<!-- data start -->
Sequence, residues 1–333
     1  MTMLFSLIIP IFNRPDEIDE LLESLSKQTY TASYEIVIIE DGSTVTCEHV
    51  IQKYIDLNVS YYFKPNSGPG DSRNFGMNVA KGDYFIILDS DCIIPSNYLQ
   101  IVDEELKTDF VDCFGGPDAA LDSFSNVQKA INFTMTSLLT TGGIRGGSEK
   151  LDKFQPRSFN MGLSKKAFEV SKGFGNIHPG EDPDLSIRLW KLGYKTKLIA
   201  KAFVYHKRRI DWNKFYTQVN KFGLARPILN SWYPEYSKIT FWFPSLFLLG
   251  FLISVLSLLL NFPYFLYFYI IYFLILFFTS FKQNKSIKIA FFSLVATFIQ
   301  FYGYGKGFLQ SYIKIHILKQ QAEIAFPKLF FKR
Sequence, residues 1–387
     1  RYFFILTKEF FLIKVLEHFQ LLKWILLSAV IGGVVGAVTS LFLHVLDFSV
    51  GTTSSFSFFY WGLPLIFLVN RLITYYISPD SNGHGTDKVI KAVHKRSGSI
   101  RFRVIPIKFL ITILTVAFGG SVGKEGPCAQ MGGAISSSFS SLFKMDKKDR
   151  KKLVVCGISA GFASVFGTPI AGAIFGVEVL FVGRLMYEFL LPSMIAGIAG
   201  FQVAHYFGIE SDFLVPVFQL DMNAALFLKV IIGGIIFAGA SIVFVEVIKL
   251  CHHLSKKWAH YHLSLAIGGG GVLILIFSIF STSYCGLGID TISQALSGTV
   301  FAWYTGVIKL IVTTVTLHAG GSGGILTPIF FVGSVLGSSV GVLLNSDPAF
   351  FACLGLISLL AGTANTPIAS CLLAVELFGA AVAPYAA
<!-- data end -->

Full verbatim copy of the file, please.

Sequence, residues 1–333
     1  MTMLFSLIIP IFNRPDEIDE LLESLSKQTY TASYEIVIIE DGSTVTCEHV
    51  IQKYIDLNVS YYFKPNSGPG DSRNFGMNVA KGDYFIILDS DCIIPSNYLQ
   101  IVDEELKTDF VDCFGGPDAA LDSFSNVQKA INFTMTSLLT TGGIRGGSEK
   151  LDKFQPRSFN MGLSKKAFEV SKGFGNIHPG EDPDLSIRLW KLGYKTKLIA
   201  KAFVYHKRRI DWNKFYTQVN KFGLARPILN SWYPEYSKIT FWFPSLFLLG
   251  FLISVLSLLL NFPYFLYFYI IYFLILFFTS FKQNKSIKIA FFSLVATFIQ
   301  FYGYGKGFLQ SYIKIHILKQ QAEIAFPKLF FKR
Sequence, residues 1–387
     1  RYFFILTKEF FLIKVLEHFQ LLKWILLSAV IGGVVGAVTS LFLHVLDFSV
    51  GTTSSFSFFY WGLPLIFLVN RLITYYISPD SNGHGTDKVI KAVHKRSGSI
   101  RFRVIPIKFL ITILTVAFGG SVGKEGPCAQ MGGAISSSFS SLFKMDKKDR
   151  KKLVVCGISA GFASVFGTPI AGAIFGVEVL FVGRLMYEFL LPSMIAGIAG
   201  FQVAHYFGIE SDFLVPVFQL DMNAALFLKV IIGGIIFAGA SIVFVEVIKL
   251  CHHLSKKWAH YHLSLAIGGG GVLILIFSIF STSYCGLGID TISQALSGTV
   301  FAWYTGVIKL IVTTVTLHAG GSGGILTPIF FVGSVLGSSV GVLLNSDPAF
   351  FACLGLISLL AGTANTPIAS CLLAVELFGA AVAPYAA